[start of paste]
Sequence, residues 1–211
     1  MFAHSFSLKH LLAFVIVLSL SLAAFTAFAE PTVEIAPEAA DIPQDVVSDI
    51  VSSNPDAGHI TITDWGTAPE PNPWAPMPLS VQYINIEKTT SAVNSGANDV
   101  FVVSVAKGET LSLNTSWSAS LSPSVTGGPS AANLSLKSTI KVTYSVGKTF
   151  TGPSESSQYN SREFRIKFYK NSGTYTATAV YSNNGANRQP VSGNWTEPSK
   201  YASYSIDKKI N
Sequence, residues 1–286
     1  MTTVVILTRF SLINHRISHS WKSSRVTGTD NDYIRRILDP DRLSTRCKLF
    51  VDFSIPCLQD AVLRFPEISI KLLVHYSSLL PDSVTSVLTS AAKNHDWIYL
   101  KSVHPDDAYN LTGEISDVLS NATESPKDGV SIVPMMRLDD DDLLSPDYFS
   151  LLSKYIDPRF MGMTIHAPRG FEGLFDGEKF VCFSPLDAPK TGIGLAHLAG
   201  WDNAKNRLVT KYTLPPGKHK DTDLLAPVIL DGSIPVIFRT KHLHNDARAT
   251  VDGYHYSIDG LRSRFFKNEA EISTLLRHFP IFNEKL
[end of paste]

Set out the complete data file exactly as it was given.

Sequence, residues 1–211
     1  MFAHSFSLKH LLAFVIVLSL SLAAFTAFAE PTVEIAPEAA DIPQDVVSDI
    51  VSSNPDAGHI TITDWGTAPE PNPWAPMPLS VQYINIEKTT SAVNSGANDV
   101  FVVSVAKGET LSLNTSWSAS LSPSVTGGPS AANLSLKSTI KVTYSVGKTF
   151  TGPSESSQYN SREFRIKFYK NSGTYTATAV YSNNGANRQP VSGNWTEPSK
   201  YASYSIDKKI N
Sequence, residues 1–286
     1  MTTVVILTRF SLINHRISHS WKSSRVTGTD NDYIRRILDP DRLSTRCKLF
    51  VDFSIPCLQD AVLRFPEISI KLLVHYSSLL PDSVTSVLTS AAKNHDWIYL
   101  KSVHPDDAYN LTGEISDVLS NATESPKDGV SIVPMMRLDD DDLLSPDYFS
   151  LLSKYIDPRF MGMTIHAPRG FEGLFDGEKF VCFSPLDAPK TGIGLAHLAG
   201  WDNAKNRLVT KYTLPPGKHK DTDLLAPVIL DGSIPVIFRT KHLHNDARAT
   251  VDGYHYSIDG LRSRFFKNEA EISTLLRHFP IFNEKL